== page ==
However, CT afferents may be somehow considered within a large interoceptive system for emotional aspects of tactile perception, monitoring the physiological and chemical variables supporting limbic–emotional, autonomous, hormonal, and behavioral responses [ 62 ] to tactile contact with con-specifics [ 64 ]. It is interesting to highlight that people with autism spectrum disorder and tactile defensiveness exhibited, in functional magnetic resonance imaging, reduced activity in response to CT-targeted versus non-CT-targeted touch in brain areas involved in social–emotional information processing, suggesting atypical social brain hypoactivation. Whereas they showed an enhanced response to non-CT-targeted versus CT-targeted touch in the primary unimodal somatosensory cortex, suggesting atypical sensory cortical hyper-reactivity [ 54 , 65 , 66 ].

6. Social Touch and Social Communication

Recent findings suggest that stimulation of C-tactile afferents correlates with activation of regions associated with social cognition [ 67 , 68 , 69 , 70 ], supporting the hypothesis that skin is a ‘social organ’ and that C-tactile afferents may be a part of a social communication system [ 48 , 54 , 58 , 60 , 71 , 72 , 73 ].

Several experimental studies have shown that interpersonal touch has played an important role as a communication channel since the first social interactions. Even the most simple and immediate social touches, like a caress, a handshake, a pat on the shoulder, or a push can communicate significant positive or negative emotional experiences and improve the meaning of other forms of verbal and non-verbal communication. Eye contact with other people may have a different meaning depending on whether or not we touch them simultaneously. In a classic experiment, library clerks were asked to return the library’s card to the students and, while they were doing it, to get their hands directly on the palms only of some student. The students who, without even realizing it, had been ‘accidentally’ touched by the clerks gave more positive evaluations about the library [ 74 ]. Similarly, in a store, customers tend to respond more positively to a request for tasting and buying and are more likely to agree to participate in interviews when they are touched by an experimenter who acts as a store clerk than when nobody touches them [ 75 ]. Likewise, among the students who had been touched briefly by the teacher during a statistical exercise, the highest number of those who volunteered to demonstrate the solution on the board were registered [ 76 ]. Other research has shown that interpersonal touch can be successfully used to share emotional aspects of communication. Participants were asked to identify emotions from the experience of being touched on the arm by another unknown participant. The latter was asked to touch the bare arm of a subject from the elbow to the end of the hand to signal specific emotions. The results showed that the participants were able to decode emotions to an extent comparable to the success rates of transmission and decoding of facial displays and voice communication [ 46 ].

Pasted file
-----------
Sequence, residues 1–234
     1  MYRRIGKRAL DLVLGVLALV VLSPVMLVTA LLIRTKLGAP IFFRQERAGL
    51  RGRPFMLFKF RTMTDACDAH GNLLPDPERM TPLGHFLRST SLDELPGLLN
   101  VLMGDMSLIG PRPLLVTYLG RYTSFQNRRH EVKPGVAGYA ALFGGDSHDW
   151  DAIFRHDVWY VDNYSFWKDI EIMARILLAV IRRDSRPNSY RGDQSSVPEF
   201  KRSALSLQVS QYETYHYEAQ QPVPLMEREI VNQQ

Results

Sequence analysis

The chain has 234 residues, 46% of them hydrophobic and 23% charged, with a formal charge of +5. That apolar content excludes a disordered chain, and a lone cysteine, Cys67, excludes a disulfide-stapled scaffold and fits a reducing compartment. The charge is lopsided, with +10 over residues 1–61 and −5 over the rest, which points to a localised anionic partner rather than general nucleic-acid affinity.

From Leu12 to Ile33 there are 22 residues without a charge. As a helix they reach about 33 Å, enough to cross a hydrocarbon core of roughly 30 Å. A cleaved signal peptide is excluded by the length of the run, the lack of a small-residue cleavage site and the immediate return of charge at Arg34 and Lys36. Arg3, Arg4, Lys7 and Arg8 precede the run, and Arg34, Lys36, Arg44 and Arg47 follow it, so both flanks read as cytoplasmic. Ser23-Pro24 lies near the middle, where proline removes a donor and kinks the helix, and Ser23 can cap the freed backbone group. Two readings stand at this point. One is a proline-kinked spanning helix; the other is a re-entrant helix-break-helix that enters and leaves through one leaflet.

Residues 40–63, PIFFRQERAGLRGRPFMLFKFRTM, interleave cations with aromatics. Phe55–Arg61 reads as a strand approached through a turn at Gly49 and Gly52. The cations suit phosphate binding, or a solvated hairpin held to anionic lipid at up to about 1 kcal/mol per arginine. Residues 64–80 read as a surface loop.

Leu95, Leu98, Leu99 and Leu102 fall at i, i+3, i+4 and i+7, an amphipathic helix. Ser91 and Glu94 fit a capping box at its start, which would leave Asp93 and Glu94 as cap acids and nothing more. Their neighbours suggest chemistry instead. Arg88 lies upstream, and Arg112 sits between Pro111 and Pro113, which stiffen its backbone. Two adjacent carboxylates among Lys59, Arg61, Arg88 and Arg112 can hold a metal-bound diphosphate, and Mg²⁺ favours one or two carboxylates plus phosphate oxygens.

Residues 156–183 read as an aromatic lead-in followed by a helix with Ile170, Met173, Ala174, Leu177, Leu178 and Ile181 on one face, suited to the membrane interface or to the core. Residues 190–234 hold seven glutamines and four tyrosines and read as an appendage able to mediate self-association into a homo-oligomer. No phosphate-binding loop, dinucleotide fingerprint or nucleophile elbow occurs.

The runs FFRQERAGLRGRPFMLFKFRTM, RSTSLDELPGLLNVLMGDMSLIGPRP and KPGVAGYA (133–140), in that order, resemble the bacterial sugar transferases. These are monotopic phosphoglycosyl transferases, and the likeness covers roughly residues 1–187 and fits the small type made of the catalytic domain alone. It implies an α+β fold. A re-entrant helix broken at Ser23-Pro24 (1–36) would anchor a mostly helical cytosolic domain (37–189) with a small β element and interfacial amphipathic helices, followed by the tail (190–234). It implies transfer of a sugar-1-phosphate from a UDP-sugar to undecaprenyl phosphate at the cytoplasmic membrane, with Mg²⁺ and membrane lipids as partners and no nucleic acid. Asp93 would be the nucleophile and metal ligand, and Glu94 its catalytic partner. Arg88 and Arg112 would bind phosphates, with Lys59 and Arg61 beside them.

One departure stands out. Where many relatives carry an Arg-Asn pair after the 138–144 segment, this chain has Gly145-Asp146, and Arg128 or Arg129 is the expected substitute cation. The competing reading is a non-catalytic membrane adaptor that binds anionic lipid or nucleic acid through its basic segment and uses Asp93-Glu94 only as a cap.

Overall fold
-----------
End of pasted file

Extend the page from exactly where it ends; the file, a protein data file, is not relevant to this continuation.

This kind of research appears to be sufficiently in line with the data of neurophysiological studies. Touch should not only be seen as a cutaneous modification that gives us discriminative haptic information about the external world. It is also a communication channel that enriches interpersonal relationships from infancy onward and allows us to improve social cognition. In a recent study, Aguirre and colleagues [ 77 ] have shown in normal 9-month-old infants, stroked to the legs with a brush at a different speed by either an unfamiliar experimenter or a caregiver, that the child’s heart rate decreased more, showing greater relaxation, when strokes were given by caregivers rather than by strangers. Moreover, this effect was found only for tactile stimulation whose velocity was maximal mean firing rates in afferent C-tactile fibers. Therefore, already in the first year of life, tactile stimulation is not a purely mechanical event that affects the skin but it expresses a pleasant or less pleasant relationship. Similar data had been found in a previous study on two-month-old children in which stroke of intermediate velocity (3 cm/s) activated brain areas that were affective-related, such as the temporal and insular cortex, more than faster strokes [ 78 ].

Therefore, interpersonal touch is strongly influenced by its social properties and by specific channels that can contribute to social cognition, such as CT and the projection areas of the brain, playing a social and communicative function. From childhood onwards, then, the discriminative and affective components of touch interact with a sensitivity to the identity of the source of touch. Finally, touch plays a key role in building a representation of the body self which in turn is crucial to stand out from others, engage in social interaction, and predict and interpret the behavior of others.

In this context, it may be exciting to note Adolphs and colleagues’ research [ 69 , 79 ] showing that bilateral amygdala damage compromises interpersonal space and the degree of close physical proximity. The patient ‘without amygdala’ does not claim any discomfort at close interpersonal distances even when standing ‘nose to nose’ with the experimenter [ 79 ]. Probably, according to Adolphs, she cannot detect the socially and emotionally salient aspects of the situation and the feelings related to physical distance.